The major stand-out feature of this Humble Bundle-published title is its artwork. It truly resembles an interactive comic. Space crafts feature stunning, colorful 3D spaces. It’s easy to be distracted by the most minute of details, such as in-game posters or gadgets strewn about the area. Its semblance of a narrative is conveyed in a manner that looks like a visual novel, complete with animated panels and dialogue bubbles. I found myself stopping to admire this art design constantly, and hovering on the story panels as if to soak up the style.

Another strength is, intriguingly enough, its voice acting. Super creative, even subtle at times. Robot AI named BACS (for the British tax-collecting organization) works as a narrator along the journey, and is especially humorous during downtime between boarding ships. The player character is speechless, though enemies will quip and react to one’s presence. On-board intercom messages continue despite stations being empty, many of which are quite clever and give a sense that the world which existing previously certainly had its share of issues.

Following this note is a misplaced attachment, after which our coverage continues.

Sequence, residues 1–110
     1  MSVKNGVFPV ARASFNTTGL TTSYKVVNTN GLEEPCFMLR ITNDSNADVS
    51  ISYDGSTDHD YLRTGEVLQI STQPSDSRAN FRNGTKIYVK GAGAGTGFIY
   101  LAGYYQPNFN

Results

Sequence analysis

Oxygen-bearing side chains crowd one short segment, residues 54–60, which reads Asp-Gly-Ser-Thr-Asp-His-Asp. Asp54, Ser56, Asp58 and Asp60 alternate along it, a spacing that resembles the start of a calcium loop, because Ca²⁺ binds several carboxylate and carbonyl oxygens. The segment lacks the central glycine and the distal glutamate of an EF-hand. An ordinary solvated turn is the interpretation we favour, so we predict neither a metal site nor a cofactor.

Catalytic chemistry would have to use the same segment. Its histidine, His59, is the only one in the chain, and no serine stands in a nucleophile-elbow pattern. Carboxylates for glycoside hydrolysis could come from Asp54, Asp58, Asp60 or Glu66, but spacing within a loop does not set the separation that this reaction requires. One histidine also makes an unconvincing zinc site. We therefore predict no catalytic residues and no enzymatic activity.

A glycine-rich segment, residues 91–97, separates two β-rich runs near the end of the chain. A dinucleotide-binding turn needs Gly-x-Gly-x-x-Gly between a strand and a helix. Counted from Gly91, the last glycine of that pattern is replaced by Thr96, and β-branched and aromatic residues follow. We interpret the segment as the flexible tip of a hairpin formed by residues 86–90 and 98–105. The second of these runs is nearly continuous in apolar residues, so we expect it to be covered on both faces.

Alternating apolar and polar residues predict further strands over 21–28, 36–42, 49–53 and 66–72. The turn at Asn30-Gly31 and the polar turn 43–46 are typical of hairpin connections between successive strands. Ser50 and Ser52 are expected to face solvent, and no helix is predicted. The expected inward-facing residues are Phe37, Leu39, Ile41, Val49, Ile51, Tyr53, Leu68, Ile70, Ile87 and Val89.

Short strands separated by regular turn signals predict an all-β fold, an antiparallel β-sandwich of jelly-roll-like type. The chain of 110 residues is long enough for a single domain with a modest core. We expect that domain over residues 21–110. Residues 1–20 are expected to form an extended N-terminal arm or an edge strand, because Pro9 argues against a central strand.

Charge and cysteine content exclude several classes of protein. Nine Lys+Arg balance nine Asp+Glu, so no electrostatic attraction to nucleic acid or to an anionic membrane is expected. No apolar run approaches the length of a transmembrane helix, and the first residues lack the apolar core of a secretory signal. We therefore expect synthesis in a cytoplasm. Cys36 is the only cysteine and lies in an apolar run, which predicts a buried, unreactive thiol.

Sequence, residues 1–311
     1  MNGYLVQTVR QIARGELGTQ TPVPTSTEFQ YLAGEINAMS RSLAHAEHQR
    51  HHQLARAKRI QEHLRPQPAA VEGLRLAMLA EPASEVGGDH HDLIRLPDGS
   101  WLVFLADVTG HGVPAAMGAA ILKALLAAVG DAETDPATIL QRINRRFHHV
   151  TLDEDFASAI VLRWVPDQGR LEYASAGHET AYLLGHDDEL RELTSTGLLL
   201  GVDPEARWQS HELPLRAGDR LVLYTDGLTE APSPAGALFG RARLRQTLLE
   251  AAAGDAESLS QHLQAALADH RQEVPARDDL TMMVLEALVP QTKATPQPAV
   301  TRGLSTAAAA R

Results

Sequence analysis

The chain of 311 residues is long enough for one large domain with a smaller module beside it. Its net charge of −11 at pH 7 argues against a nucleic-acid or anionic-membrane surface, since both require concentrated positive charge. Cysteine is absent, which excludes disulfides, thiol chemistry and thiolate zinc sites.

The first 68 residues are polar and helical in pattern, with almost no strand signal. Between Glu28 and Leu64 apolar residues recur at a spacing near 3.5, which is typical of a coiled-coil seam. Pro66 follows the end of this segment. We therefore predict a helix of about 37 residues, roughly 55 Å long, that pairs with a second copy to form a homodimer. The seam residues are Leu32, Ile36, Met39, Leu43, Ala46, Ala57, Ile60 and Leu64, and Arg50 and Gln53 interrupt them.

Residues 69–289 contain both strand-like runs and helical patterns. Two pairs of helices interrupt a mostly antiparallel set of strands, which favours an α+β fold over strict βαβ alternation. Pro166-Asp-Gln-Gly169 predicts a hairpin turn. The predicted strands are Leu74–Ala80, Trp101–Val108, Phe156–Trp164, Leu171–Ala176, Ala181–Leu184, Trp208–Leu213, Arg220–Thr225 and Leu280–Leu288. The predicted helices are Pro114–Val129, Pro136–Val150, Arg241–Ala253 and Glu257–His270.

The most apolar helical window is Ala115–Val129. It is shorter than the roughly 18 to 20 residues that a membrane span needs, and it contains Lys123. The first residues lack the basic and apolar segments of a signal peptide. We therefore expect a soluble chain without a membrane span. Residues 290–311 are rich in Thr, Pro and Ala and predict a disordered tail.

“I bet you are wondering what happens when you die?” BACS presents, appearing philosophic.

“Others will enjoy what you leave behind.”

Downtime here is where the strategy simulation kicks in, plus the player has an opportunity to craft from the materials collected while exploring ships. Time is spent plotting a course across the cosmos then building stuff to help make it easier. Deciding where to go based on the descriptions of each ship, which detail what sorts of enemies or resources are present. The cool part here is that there are virtually no loading screens, it moves quickly between the different menus. The transition from map to gameplay is seamless.